Today we’d like to introduce you to Kate Crash.
So, before we jump into specific questions, why don’t you give us some details about you and your story.
I’ve been writing poetry, creating images, and working in a multitude of mediums since I was a small child. I often felt that the arts gave me a voice and allowed me to process the intense complexities and contradictions in the world around me. I went through a slew of instruments and eventually settled on the guitar at 12. I instantly began songwriting. My first band was, of course, punk.
In my youth, I was discovered and cultivated by legendary producer Nick Launay (Nick Cave, Yeah Yeah Yeahs, INXS). Launay brought me into the studio, mentoring me in production. We made three EP’s that were released under Joan Jett’s Blackheart Records and George Martin’s Grand Master. I also released a dance-pop EP, co-produced by various Grammy winners including Jimmy Harry, Jason Evigan, and Ryosuke Sakai.
All the while, I kept writing and producing from my home studio. This, eventually, became the way I made all of my albums. I also started getting hired to do custom tracks in multiple genres for film and TV.
I love my home studio, the beats, the plugins, the freedom to fail and explore. Then I send everything to my mixer, Ethan Kaufmann.
Being the L.A. hustle, I also write books, script doctor, style, model, act, make short films and music videos, and consult. Every now and then, I’ll create a theatrical-multimedia-experience combining indie pop and conceptual art, bringing together poetry, movement, political theater, and dance.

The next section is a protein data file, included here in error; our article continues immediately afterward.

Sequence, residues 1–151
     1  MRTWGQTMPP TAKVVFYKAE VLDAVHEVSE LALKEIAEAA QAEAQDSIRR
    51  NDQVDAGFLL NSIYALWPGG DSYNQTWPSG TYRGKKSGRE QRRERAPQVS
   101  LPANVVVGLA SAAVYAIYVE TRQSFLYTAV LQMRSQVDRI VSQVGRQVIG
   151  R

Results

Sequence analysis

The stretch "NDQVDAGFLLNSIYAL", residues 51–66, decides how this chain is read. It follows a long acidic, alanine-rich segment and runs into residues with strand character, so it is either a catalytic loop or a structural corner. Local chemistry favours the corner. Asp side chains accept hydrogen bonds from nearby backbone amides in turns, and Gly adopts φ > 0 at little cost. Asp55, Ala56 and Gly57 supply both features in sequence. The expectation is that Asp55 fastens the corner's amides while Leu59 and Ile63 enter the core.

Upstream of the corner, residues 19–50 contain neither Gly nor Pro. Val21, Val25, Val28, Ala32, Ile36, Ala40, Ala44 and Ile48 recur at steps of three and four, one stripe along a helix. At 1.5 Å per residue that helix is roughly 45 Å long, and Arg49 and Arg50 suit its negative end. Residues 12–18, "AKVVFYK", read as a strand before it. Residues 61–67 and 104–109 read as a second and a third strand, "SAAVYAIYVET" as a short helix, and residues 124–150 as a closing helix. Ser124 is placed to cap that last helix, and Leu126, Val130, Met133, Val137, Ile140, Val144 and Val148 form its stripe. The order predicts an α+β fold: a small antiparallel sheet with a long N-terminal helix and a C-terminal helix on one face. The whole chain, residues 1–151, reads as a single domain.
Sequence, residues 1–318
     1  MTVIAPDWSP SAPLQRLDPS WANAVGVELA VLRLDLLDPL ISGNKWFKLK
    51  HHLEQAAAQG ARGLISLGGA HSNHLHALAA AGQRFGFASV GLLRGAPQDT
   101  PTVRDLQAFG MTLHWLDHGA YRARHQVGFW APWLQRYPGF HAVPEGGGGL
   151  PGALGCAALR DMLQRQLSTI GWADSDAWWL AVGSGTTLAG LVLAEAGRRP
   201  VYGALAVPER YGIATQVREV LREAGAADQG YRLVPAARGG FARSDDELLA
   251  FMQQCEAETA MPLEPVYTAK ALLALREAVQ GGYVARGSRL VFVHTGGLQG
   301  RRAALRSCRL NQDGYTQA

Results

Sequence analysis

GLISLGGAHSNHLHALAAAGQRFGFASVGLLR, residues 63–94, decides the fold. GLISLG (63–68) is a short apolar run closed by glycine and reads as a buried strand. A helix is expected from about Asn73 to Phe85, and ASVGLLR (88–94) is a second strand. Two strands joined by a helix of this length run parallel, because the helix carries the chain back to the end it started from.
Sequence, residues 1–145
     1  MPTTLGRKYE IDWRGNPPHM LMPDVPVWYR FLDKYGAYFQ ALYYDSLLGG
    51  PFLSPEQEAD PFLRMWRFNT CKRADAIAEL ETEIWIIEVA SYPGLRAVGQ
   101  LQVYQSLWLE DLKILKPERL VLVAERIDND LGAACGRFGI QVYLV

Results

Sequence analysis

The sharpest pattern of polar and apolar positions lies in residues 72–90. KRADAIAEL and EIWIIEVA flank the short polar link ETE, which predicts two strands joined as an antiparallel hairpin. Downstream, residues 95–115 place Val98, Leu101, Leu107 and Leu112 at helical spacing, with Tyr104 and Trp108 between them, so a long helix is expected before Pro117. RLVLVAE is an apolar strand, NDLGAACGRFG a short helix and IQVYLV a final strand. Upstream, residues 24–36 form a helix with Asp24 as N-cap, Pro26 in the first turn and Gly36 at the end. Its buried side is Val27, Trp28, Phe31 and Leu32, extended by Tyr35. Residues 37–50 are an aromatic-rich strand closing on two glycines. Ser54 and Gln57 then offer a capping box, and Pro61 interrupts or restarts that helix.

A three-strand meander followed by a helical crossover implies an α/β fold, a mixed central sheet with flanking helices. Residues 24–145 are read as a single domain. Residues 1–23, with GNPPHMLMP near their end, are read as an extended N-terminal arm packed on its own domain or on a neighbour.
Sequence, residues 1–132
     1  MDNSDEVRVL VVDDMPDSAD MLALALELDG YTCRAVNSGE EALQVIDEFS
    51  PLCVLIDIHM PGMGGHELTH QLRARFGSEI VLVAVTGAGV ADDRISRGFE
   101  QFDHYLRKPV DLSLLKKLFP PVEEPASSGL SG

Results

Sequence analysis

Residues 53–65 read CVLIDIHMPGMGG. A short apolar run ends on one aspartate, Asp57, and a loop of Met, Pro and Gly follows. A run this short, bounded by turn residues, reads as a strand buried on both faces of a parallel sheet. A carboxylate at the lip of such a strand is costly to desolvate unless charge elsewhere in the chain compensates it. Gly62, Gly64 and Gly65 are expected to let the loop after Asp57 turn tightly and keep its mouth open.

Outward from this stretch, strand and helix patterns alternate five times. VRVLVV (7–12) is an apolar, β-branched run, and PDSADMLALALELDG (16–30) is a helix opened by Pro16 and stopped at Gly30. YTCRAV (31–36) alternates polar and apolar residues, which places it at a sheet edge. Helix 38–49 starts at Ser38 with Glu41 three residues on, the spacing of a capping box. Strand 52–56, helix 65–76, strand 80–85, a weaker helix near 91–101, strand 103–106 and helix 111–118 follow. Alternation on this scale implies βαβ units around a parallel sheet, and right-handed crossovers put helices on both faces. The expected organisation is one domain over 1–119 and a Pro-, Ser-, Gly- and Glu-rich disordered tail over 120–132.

We’re always bombarded by how great it is to pursue your passion, etc – but we’ve spoken with enough people to know that it’s not always easy. Overall, would you say things have been easy for you?
Hah! Well… Let’s see. I guess the main struggles have been maintaining financial stability as an independent contractor; the sexism of the industry where work goes to male buddies even when I’ve been the more qualified candidate; the intense sexual harassment and “bro culture” of the studio; management’s unwillingness to step in and stop harassment because the person made the company a lot of money; people often questioning whether I am the one playing my own instruments and producing my own songs due to my gender. I mean, you know, less than one and half percent of composers are women.
We’d love to hear more about your work and what you are currently focused on. What else should we know?
I am incredibly proud of the album I just dropped called “Fuck the Internet” and its sequel album that will be released mid-2021. It deals with the concepts of the pressure of being a human as we transition into a new tech-enhanced species, the pressures of global warming, the oligarchy, selfie-filters, beauty, power, money, war, AI. The character believes that the simulation is salvation, the only option they have.
For music, I can write and/or produce in multiple genres from pop to indie to rock to hip hop to dance. I am an incredibly versatile writer so when I work on other’s scripts, I can really focus and unleash their potential. It’s the great combo of structure and innovation.
I am incredibly honored to have worked with director Catherine Hardwicke (Twilight, 13, Lords of Dogtown) on a multitude of her films. She is one of my greatest inspirations.
I am also currently forming a new futuristic art and tech company with my longtime collaborator and mentor, Michael J. Masucci.
What were you like growing up?
Pretty much the same as I am now… super nerdy, arty, into collaging concepts together, brave, and free.
- Website: www.katecrash.com
- Email: firstname.lastname@example.org
- Instagram: @katecrash
- Twitter: @katecrash
- The New Album: https://distrokid.com/hyperfollow/katecrash/fti-fk-the-internet
- Other: www.youtube.com/katecrashlive
Rush Varela (the main image, the guitar one, the one in the wild black outfit with the wires behind), Odette Sugerman (B&W one looking into a mirror), Khoa Bui (the one in the metal dress. dress by Omega Collektiv)